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7 Steps to Getting Referrals

The easiest lead to close is a referred lead. Unfortunately, not many mortgage brokers have mastered the art form that the process entails. I’ve developed a simple, seven-step process to obtaining referrals that will give you so much more success in developing your referral business that you will make it an automatic part of every selling situation.
Begin by setting a goal for how many referrals you want from each contact. Start with a goal of just one referral every time, and work your way up to a place where you know the steps so well and they flow so naturally that you’ll get at least three referrals from every client.
Then, memorize these seven steps to getting referrals. The better you know them, the better you’ll mine the rich lode of referrals that’s just waiting for you in your current client base.

  1. Help your clients think of specific people they know.
  2. Write the referrals’ names down.
  3. Ask qualifying questions about the referrals.
  4. Ask for the referrals’ contact information.
  5. Get the referrals’ addresses from the phonebook (if the client doesn’t have them).
  6. Ask the client to call and introduce you to the referrals.
  7. If the client shows nervousness or refuses to call, ask if you can use the client’s name when you contact the referral.

Those are the basic steps. Now, let’s review them in detail so you’ll see how to work with each one most effectively.

When you ask for referrals, you have to give your client a group of faces to focus on. Centering on one or two faces is impossible when their thoughts are bouncing off the wall with their new home—which means your job is to get them focused again.
SALESPERSON: Bill and Jane, you’re excited with your new home, aren’t you?
CLIENT: Oh, it’s wonderful. We can’t wait to get settled!
SALESPERSON: So tell me, who will be the first people you tell about your new home?
CLIENT: Well, our relatives, of course. Then, our friends who live in the same area. It’ll be nice to be close to them.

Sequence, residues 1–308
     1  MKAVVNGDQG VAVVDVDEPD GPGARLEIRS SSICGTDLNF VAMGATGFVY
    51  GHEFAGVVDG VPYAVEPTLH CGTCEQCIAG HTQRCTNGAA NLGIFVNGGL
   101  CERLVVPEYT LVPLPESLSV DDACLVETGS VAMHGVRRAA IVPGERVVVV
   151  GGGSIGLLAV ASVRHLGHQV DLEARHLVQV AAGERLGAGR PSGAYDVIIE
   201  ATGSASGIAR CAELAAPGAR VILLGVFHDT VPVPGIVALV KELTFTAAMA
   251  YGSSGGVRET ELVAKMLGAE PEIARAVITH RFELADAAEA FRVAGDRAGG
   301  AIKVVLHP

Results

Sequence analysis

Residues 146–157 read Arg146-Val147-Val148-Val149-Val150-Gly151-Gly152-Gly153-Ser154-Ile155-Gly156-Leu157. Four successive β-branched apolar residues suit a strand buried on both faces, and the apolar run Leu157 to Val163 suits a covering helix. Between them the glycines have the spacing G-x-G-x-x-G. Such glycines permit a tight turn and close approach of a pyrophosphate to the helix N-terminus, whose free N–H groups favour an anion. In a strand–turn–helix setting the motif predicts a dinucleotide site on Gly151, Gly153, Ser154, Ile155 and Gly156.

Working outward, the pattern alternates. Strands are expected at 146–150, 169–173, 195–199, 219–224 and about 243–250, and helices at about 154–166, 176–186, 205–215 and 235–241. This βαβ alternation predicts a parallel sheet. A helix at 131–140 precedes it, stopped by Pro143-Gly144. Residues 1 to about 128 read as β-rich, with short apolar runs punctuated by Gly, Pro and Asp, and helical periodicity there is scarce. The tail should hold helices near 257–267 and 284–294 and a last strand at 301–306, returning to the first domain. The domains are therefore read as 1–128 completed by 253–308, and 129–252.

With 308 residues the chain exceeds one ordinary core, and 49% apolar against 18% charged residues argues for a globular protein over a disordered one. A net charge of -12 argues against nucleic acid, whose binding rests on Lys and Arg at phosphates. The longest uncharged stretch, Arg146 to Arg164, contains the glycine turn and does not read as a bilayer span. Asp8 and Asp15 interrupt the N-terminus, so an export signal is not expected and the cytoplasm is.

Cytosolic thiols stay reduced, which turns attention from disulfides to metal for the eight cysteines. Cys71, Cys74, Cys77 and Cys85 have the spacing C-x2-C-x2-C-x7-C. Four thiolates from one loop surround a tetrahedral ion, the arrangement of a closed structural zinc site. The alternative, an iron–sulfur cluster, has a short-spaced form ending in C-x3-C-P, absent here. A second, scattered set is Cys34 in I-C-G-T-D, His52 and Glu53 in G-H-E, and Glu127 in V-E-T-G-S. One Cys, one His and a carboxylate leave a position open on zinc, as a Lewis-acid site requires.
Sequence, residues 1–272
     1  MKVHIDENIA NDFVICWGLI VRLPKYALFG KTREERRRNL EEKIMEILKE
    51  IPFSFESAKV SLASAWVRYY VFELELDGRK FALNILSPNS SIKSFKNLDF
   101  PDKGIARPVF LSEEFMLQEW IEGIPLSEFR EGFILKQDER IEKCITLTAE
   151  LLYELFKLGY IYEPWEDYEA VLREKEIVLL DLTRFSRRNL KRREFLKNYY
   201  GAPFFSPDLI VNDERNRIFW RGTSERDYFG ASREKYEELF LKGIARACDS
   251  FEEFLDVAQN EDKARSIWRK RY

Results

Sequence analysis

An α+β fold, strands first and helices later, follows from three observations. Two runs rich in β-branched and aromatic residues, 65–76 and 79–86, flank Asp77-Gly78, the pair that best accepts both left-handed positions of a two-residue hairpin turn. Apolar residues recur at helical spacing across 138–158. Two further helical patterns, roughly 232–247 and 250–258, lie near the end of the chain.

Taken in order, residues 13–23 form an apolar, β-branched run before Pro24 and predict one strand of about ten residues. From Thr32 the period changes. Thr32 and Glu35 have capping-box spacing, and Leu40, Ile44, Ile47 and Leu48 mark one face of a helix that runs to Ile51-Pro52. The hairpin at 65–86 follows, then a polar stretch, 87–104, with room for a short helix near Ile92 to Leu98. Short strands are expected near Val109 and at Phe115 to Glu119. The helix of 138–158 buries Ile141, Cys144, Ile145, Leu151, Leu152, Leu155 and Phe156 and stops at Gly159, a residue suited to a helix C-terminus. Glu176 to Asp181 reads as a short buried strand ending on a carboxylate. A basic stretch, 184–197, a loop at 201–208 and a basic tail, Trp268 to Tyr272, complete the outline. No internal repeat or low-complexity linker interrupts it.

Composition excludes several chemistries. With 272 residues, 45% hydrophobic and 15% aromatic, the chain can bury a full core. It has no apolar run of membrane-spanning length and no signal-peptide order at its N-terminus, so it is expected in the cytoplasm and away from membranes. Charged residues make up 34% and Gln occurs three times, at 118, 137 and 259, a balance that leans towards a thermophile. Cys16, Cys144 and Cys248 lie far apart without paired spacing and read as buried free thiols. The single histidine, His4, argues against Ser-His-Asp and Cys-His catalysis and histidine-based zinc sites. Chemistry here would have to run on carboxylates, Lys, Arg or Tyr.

SALESPERSON: That’s great. Are there any of your relatives or friends who might also be in the market for a new home?
By mentioning family and friends, the client focused in on those people he is closest to and with whom he’ll be in contact that very week . . . while his excitement over his home is still fresh. And the salesperson has helped him do that.

When your clients come up with a few people who are in the market for a home, take out 3x5 index cards or a small notepad and write down the names of those referrals. (Be sure to ask how to spell the names.) Keep the cards out so you can jot down the information they give you. Plus, you’ll need those notes to qualify the referrals.

While Bill and Jane are busy answering questions about the referrals, you should jot down notes to help you remember specific things about them. Here’s some information you may want to know when you contact the referrals:

  • Where do they live now?
  • Would they be moving up to a larger home or are they just interested in something new?
  • What did they say when you told them you were looking for a new home?

When you get in touch with the referrals, you’ll be able to begin conversations with them based on Bill and Jane’s answers to your questions. When you’ve taken a few notes, move on to the next step.

Asking for the addresses and phone numbers of the referrals is more difficult because your client may not know this information offhand. But don’t let that deter you. You can’t just settle for the name, because there may be several people with the same name in the phonebook when you try to look it up later. And knowing how to contact the referral is critical.

If your client is willing to give you a referral’s address but doesn’t know it offhand, reach for the phonebook and politely ask the client if he would be kind enough to help you out and look up the address in the phonebook.
Your request could be as natural as the one in the following conversation:
SALESPERSON: I don’t know about you, but this has been thirsty work. What would you like to drink, a soda? Or would you prefer coffee?